If it was one year or possibly two that Miller played with school finances, that would be one thing. But this went on a long time. Even more frightening that it took tips to the Auditor’s office to get to the bottom of it. Not only was Bunting and the Board asleep at the wheel, so was our state. What happened in Indian River should give our legislators a wake-up call as well. They should somehow get funding from somewhere and beef up the State Auditor of Accounts Office. Every school district and charter school in this state needs a thorough audit. We cannot continue like this. Our children lose every single time. All this talk of extra funding for schools… the funds are already there. We just need to redefine the existing funding and find a system where those funds are used equitably for all students. We can’t afford to stick with the status quo and then act shocked when we see reports like the Indian River one last week.
Delaware State Auditor Tom Wagner released the Indian River School District Audit Investigation at 2pm today. The numerous allegations in the report include using facsimile signatures for purchases, the Superintendent receiving gifts in the form of jewelry, the former CFO donating over $50,000 to non-profits where he served as the President of the boards, the business office lying to the auditor about a discrimination lawsuit against the former CFO, incorrect paychecks and salaries for teachers, not following the state rules for accounting, the CFO’s sister-in-law working in the business office, almost $160,000 in payment vouchers that had half for invalid purchases and the other half breaking rules all over the place, possible allegations of the district paying for a board member’s tuition at a Maryland school, many reimbursements to the CFO’s personal American Express Card, over $20,000 on in-state food purchases, the Superintendent buying White House Christmas ornaments, over 20% of certain scholarships given to relatives of board members, and much more.
Indian River has a referendum in five days, on November 22nd. Do you support this referendum after reading this report?
Updated: 3:02pm, 11/17/16: The Dover Post is reporting the district will hold a press event tomorrow at 10am to discuss the Auditor’s report. Newsflash, Bunting was mentioned in this report a lot. She doesn’t get to just walk away and blame everything on Patrick Miller, the former CFO…
Delaware State Auditor Tom Wagner promised the citizens of Indian River School District the audit investigation his office is working on would be released before their referendum. I assumed it would be released at least a week before the referendum to give the citizens in the district enough time to digest it. I pray to God his office does not release it the day before to soften the blow. We all know there will be some very serious stuff in there. We know something happened in this district. A chief financial officer with a checkered past in another district doesn’t get put on leave and then “resign” a month later unless something very serious went on. When is Delaware going to stop playing this game? When will full transparency actually happen in this state? I feel citizens should have at least a week for this so perhaps the district should put in a request with the Delaware Dept. of Elections to postpone the referendum.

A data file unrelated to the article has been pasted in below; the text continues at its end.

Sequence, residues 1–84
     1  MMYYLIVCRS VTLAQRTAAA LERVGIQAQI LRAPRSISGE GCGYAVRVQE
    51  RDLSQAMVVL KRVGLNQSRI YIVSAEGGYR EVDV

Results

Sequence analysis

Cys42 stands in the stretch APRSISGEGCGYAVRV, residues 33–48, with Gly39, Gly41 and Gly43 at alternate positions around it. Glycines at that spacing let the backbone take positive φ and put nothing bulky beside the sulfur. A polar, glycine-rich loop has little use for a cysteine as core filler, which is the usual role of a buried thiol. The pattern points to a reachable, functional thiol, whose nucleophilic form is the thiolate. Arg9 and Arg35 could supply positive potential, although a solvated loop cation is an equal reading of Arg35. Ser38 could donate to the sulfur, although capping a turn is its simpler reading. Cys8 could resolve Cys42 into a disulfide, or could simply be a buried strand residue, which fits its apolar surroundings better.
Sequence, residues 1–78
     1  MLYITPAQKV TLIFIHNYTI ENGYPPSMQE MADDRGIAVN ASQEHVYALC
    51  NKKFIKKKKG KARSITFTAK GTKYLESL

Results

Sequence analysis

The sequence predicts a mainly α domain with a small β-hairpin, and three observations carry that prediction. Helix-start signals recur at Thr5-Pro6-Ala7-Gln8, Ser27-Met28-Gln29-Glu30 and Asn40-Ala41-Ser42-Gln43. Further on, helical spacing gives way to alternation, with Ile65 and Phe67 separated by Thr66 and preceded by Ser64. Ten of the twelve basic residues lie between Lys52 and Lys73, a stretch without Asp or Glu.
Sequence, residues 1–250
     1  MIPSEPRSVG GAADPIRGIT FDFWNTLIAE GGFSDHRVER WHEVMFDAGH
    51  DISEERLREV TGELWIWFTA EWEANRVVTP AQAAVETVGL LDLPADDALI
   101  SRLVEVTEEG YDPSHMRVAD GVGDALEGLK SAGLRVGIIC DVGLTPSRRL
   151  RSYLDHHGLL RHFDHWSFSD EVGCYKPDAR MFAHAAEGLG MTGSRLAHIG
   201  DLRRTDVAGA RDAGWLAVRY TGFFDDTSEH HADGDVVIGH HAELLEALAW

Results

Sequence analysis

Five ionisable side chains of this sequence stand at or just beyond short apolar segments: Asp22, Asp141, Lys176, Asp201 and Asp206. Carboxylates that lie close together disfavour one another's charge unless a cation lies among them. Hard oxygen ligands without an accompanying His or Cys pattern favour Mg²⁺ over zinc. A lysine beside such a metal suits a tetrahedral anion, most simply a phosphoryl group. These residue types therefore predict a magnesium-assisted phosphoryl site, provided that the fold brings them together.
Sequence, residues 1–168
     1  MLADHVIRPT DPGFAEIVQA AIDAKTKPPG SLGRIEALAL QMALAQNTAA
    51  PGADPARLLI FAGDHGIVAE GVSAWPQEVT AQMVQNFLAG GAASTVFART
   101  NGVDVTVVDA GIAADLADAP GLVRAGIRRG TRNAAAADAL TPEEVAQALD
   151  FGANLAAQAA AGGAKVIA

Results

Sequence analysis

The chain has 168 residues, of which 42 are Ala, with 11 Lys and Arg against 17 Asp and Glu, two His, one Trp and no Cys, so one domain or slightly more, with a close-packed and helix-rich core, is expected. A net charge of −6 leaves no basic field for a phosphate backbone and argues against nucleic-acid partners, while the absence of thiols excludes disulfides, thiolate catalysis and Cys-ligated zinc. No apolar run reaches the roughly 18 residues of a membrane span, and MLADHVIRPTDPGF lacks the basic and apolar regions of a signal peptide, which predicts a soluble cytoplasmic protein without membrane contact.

Indian River has a referendum coming on November 22nd. Before that happens, the Delaware Auditor of Accounts office will issue an audit inspection report. A citizen in the district paid for ads in the Sussex County Post with allegations against the district and how they are spending money. In response, Indian River Superintendent Dr. Susan Bunting, Board President Charles Bireley and Board Vice-President Rodney Layfield submitted a letter to the editor at the Sussex County Post.
Many of the ads attacking the referendum and the response from the district center around the former Chief Financial Officer, Patrick Miller. Miller resigned earlier this year without any public knowledge of the events which led to his resignation. He was put on paid administrative leave the month prior.
As a result of the letter from the district, there is some clarity around the hiring of Miller in Indian River:
It should be noted that Mr. Miller was hired by the Indian River School District in September 1998, approximately six weeks before the state auditor’s office began its investigation of Brandywine’s finances. The final auditor’s report was not issued until September 2000 and Mr. Miller’s criminal case was not adjudicated until November 2000, more than two years after he was hired by IRSD.
As it turns out, the district is claiming they requested an audit, even though no prior audit report suggested a problem:
The public should know that the district requested the audit that is currently being conducted by the state auditor’s office. This request was made based upon information received in April by the administration and Board of Education. Therefore, any accusation of a “cover up” is unfounded, misleading and unfair.
One item in the letter puzzled me greatly.